After you decide which Hawaiian island you’re going to visit and where you’re going to stay, the next step is figuring out how you’re going to get around the island.
The circumstances of travel are different for everyone – perhaps even members of the same party – and so it’s wise to consider all the transportation options available on Maui. You wouldn’t want to spend the money to rent a car, for example, if a quick, convenient shuttle system could get you where you want to go.
Table of contents
Table of Contents
- Is a rental car needed on Maui?
- Is there public transport on Maui?
- What other transport options are there?
- How to get to/from the airport on Maui
- Taking the Ferry to Lanai and Molokai
Below, we explore the transportation options you’ll find on Maui, including rental cars, public buses, regional shuttles, and more.
Is a rental car needed on Maui?
The answer to this question completely depends on how you envision spending your time on the island, and what other transportation options are available nearby.
For example, if you’re staying in Kaʻanapali and plan to be a beach bum, you may find the combination of your legs, ride share services, and the regional trolley (see below) to be sufficient. In this case, you wouldn’t have a need for a car on a daily basis.
But, if seeing every nook and cranny of the island is on your agenda, or you’re staying somewhere remote, like Upcountry Maui or Hāna, then renting a car is a must.
Here are some things to consider:
Tips for renting a car on Maui:
- Be honest about your travel plans. Depending on what you plan to do while on Maui, your need for a car can vary. Those who see themselves coming and going throughout their trip will find a car to greatly enhance their efficiency and range of exploration, as will those who are staying in remote areas. Beach bums staying in communities with better walkability may find they don’t need to rent a car.
- It doesn’t have to be all or nothing. If you find yourself somewhere in between, consider renting a car for only part of the trip to balance your budget and adventure needs. Dedicate a number of days to explore with a car, and a number of days to stay closer to your home base. Ride share and trolley services can be of service for shorter trips.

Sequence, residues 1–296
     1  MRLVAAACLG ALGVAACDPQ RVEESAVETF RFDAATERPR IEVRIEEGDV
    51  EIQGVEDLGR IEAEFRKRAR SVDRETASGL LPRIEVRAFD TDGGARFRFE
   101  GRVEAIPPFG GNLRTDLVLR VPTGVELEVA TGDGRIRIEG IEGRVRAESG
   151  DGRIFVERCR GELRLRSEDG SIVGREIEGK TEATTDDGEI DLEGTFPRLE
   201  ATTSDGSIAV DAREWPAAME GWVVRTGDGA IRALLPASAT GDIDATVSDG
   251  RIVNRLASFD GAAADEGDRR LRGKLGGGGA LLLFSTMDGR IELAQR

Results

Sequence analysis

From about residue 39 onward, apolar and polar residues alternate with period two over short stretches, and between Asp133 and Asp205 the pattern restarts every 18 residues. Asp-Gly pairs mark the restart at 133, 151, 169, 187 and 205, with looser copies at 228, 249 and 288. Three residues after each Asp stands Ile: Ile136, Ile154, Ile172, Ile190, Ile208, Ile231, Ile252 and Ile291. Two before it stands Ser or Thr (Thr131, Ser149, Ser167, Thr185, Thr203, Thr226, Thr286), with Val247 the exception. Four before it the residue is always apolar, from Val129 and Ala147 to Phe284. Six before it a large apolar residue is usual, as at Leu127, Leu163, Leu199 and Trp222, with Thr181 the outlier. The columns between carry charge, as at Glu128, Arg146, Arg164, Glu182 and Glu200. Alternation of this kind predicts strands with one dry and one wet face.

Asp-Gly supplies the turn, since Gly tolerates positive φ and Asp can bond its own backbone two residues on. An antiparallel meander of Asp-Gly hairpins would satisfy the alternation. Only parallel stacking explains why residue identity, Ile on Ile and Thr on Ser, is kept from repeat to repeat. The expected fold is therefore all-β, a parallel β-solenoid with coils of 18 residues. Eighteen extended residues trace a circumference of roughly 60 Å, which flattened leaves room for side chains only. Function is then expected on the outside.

- When renting a car, head online to book. In most circumstances, the lowest price you’re going to find will be online via the company’s website. Don’t call and ask for a rate, as many will up-sell over the phone to unknowing customers.
- Check out third-party sites. Third-party sites like Discount Hawai‘i Car Rental and Expedia can sometimes land you a low rate as well.
- Take advantage of favorable cancellation policies. Many companies offer free cancellation. This can be a useful tool, especially if you want to lock in a low rate ahead of time.
- Don’t forget about parking costs. Does your hotel charge for parking? If so, you’re going to want to include that cost when budgeting for a rental car.
Is there public transportation on Maui?
Yes, there is a local bus on Maui, and it can be useful in certain situations and routes. Here’s what to know about the Maui Bus.
- The Maui Bus is a cheap way to get around. An unlimited day pass will cost you $4.00. Otherwise, it’s $2.00 per trip.
- The schedule and route maps can be found online. Check out the Maui Bus website or the Maui Bus app.
- The bus can be slow. Though reasonably on-time, buses can be delayed/late at times, and make frequent stops that extend travel times between destinations.
- The bus is best for trips along the west coast. The Maui bus has several routes that service Kaʻanapali, Lāhainā, and Kīhei efficiently.